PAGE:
Combining the resources of faculty in EALAC and the Department of History, the degree program in Japanese History covers all periods up until the present. It forms part of the interdepartmental “History–East Asia” program, to which students may apply either through EALAC or the Department of History. Applications through either department are reviewed as part of the same pool.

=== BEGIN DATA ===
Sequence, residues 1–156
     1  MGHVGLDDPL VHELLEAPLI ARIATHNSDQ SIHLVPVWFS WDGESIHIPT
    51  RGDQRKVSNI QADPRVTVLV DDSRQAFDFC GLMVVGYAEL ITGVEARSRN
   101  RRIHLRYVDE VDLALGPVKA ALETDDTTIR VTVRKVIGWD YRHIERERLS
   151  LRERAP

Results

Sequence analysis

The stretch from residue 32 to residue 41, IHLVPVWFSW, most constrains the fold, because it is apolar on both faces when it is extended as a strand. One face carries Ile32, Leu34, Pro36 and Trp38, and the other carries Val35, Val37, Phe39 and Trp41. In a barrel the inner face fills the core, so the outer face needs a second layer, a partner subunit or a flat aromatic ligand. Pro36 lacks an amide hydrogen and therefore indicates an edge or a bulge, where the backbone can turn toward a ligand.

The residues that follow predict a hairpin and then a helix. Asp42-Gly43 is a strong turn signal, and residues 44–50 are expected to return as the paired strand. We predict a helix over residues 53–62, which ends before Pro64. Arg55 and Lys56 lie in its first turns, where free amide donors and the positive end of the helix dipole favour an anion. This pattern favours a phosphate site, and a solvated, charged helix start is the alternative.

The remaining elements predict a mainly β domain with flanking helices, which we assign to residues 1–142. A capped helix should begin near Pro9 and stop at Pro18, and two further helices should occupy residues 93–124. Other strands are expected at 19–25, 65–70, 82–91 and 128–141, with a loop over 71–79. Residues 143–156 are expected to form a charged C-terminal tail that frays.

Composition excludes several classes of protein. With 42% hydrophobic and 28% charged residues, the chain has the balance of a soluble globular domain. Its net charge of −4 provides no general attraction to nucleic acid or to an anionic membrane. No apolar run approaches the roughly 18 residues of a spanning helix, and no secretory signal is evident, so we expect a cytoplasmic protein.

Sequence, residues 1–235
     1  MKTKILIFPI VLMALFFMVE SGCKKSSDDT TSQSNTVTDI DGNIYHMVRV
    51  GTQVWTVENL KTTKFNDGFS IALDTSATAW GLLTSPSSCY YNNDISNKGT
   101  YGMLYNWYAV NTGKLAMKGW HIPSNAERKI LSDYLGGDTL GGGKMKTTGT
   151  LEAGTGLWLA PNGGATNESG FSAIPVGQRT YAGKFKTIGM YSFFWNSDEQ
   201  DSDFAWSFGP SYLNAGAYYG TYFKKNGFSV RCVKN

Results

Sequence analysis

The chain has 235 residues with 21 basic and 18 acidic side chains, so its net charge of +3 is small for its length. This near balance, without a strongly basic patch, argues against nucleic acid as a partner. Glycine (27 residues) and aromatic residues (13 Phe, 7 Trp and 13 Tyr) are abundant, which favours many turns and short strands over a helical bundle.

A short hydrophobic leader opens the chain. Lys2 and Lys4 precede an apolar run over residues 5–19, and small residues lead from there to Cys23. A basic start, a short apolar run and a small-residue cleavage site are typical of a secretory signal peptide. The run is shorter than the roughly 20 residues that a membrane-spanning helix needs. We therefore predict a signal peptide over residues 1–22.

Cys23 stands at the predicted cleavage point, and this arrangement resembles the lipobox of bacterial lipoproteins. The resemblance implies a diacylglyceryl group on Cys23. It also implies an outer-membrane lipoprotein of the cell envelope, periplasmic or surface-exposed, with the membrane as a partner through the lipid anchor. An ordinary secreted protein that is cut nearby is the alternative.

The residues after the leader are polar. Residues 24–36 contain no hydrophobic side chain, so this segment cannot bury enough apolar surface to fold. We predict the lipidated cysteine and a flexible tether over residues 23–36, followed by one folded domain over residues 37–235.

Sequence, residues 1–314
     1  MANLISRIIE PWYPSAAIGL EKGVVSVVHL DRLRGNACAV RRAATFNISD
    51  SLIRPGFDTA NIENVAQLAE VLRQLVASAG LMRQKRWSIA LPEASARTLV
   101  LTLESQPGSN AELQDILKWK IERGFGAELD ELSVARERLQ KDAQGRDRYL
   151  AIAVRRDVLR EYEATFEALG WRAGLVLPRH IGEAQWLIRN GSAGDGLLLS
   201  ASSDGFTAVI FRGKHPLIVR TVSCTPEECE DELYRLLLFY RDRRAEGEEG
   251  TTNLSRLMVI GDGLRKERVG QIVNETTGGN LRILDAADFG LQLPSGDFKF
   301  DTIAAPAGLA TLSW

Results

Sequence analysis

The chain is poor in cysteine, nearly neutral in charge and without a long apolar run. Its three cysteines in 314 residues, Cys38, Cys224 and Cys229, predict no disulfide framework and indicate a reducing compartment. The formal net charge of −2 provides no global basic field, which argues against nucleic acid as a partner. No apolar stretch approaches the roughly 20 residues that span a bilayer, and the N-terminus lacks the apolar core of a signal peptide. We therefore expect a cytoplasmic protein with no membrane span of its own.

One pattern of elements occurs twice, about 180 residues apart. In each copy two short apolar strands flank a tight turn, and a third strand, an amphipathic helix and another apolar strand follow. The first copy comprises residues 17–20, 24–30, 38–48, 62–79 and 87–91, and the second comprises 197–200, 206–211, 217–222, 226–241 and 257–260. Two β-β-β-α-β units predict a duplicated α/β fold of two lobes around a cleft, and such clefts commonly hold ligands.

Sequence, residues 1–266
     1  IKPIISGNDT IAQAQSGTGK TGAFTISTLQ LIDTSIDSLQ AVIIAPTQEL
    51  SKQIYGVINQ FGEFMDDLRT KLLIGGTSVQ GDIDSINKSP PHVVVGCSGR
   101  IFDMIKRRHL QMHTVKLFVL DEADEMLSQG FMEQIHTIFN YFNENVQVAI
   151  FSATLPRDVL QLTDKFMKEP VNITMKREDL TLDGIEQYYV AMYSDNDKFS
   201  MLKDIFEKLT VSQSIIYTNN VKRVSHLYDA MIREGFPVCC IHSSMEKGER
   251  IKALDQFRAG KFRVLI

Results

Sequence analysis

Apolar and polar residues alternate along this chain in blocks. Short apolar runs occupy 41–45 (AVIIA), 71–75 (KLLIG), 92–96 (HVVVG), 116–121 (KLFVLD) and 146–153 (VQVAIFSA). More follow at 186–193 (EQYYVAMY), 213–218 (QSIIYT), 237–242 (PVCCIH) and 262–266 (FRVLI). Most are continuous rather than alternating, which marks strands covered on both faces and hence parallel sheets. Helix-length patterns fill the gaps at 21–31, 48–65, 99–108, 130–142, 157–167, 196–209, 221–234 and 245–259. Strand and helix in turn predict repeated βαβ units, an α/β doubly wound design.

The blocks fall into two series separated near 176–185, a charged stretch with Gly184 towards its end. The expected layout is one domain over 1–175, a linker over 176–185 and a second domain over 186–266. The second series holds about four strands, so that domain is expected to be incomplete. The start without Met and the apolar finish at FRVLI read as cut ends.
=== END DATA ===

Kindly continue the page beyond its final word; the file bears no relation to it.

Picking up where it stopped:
David Lurie teaches broadly on pre-modern and early-modern Japanese history and culture, with research interests that include the history of writing systems; dictionaries and encyclopedias; linguistic thought; myth formation; epigraphy and archeology; and cultural, intellectual, and literary history writ large. Gregory Pflugfelder focuses his teaching and research on early-modern and modern Japanese history, with an emphasis on cultural history; the history of gender, sexuality, and the body; and constructions of monstrosity. Carol Gluck specializes in nineteenth-century Japanese history, with broad expertise on social and cultural history, intellectual history, war and empire, history and memory, and the genealogies and practices of history-writing within and beyond Japan. Kim Brandt’s teaching centers primarily on twentieth-century history; her research specializations include consumerism, imperialism, and transnational forms of cultural production.